Civilians cyberattacked Georgia in 2008 war

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Attacks on Georgian government websites during the 2008 war with Russia were carried out by civilians - with little or no direct involvement on the part of the Russian government or military -- according to a new report.

The report from the U.S. Cyber Consequences Unit (US-CCU), an independent nonprofit research institute, says that whilst most of those carrying out the cyberattacks were Russians, sympathisers outside Russia joined in as the conflict continued. The organisers of the cyberattacks, however, had advance notice of Russian military intentions, the report said.

Moreover, according to the report, the forums used to recruit and arm the cyberattackers were primarily social networking sites, based in the Russian language.

Some of the web servers and addresses used to control and coordinate the attacks had previously been used by Russian criminal organisations. Also, the botnets used in the first wave of attacks were closely associated with Russian organised crime.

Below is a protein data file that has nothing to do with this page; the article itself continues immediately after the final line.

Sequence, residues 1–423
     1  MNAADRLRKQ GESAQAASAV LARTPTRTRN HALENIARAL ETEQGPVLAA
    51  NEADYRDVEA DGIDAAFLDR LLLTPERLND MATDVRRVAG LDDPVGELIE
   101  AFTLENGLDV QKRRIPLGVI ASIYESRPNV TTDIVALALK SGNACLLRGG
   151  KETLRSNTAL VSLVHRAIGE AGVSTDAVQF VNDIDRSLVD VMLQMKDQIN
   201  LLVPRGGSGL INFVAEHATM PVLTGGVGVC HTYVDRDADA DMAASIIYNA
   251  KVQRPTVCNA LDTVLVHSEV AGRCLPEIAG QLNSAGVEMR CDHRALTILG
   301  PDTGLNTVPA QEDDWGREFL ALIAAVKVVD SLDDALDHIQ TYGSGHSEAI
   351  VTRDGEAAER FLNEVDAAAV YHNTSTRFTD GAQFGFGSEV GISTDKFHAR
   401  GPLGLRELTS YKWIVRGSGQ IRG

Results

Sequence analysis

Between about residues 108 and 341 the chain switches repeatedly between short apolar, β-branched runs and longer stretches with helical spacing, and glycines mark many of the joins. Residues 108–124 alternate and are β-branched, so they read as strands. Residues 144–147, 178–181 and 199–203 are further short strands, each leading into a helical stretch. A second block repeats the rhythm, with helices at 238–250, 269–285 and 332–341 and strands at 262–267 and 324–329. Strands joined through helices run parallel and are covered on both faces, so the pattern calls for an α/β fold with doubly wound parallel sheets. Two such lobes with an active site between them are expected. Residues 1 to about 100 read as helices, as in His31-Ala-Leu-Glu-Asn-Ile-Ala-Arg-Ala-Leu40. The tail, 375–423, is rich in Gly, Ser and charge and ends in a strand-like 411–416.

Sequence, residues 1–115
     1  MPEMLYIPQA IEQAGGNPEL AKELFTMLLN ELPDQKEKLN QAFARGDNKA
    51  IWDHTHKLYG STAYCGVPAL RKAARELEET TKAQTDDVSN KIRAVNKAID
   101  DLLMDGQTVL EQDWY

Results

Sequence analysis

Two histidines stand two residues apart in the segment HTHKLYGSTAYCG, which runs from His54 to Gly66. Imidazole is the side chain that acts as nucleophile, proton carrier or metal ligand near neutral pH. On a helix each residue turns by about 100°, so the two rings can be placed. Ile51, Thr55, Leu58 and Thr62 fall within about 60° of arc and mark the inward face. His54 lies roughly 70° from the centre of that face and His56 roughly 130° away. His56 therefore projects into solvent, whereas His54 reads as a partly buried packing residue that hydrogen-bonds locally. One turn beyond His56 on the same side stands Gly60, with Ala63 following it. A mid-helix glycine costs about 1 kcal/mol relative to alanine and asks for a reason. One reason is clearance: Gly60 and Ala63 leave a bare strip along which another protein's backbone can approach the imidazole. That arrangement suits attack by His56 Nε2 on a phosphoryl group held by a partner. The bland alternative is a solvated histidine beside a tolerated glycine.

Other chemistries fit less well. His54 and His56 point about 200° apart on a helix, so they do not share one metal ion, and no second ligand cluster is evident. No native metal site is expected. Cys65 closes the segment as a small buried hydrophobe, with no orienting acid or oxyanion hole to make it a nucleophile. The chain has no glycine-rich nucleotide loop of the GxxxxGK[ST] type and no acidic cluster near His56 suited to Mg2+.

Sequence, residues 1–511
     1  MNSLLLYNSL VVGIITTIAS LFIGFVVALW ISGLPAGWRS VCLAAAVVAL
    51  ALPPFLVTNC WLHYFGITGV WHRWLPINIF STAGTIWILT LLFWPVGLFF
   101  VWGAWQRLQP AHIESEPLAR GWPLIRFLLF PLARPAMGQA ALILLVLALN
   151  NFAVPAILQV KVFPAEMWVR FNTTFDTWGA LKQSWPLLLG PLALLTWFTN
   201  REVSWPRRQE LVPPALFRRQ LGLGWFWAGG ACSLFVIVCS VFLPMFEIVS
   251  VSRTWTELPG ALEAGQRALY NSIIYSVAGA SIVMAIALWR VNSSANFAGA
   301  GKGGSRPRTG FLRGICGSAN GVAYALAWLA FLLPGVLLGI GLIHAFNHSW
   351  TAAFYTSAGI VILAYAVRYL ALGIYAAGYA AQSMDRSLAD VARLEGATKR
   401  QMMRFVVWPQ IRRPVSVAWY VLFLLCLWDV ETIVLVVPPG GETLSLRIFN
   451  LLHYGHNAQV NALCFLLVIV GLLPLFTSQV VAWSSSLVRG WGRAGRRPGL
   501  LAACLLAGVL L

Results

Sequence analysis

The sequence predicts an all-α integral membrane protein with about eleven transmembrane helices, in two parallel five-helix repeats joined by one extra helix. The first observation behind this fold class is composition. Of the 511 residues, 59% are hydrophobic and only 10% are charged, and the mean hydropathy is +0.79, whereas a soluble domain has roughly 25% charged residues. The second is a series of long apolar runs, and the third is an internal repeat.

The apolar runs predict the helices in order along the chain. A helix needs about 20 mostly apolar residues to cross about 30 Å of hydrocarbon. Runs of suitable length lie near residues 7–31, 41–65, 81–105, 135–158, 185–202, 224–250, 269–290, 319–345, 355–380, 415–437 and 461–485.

The tools for the attacks appear to have been written or customised specifically for the campaign against Georgia. For example, one tool repeatedly requested non-existent web pages, which overwhelmed servers as they looked for pages that were not there. It specifically targeted 17 different Georgian websites, according to the report.

“The most important lesson here is that Georgia was not prepared for anything of this sort,” Ariel Silverstone, an independent security consultant in Atlanta, told

Georgia could have done several things to defend against the attacks, he said.

“They could have had better firewalls. Apparently, they didn't because some of the attacks that succeeded against them were very simple,” Silverstone said.

“Also, some of their sites were not patched,” he added. “And they could have simply shut off the connection to a specific group of subnets -- if an attack coming though the pipe is too strong, shut off the pipe, or divert it.”

“The real story here isn't about Georgia, of course,” John Bumgarner, chief technical officer at the US-CCU and primary author of the report, told in an email. “It's about the sort of cyber campaign that we can now expect to accompany most future international conflicts if they become intense enough.”

Other observers tend to agree.

“Worldwide, governments need to be more involved and coordinate better on cyber warfare issues,” Sam Masiello, VP of information security at MX Logic, told in an email. “Cyberwarfare moves at a speed much faster, and has the potential to cause more damage to critical infrastructures quicker, than any military offensive.”

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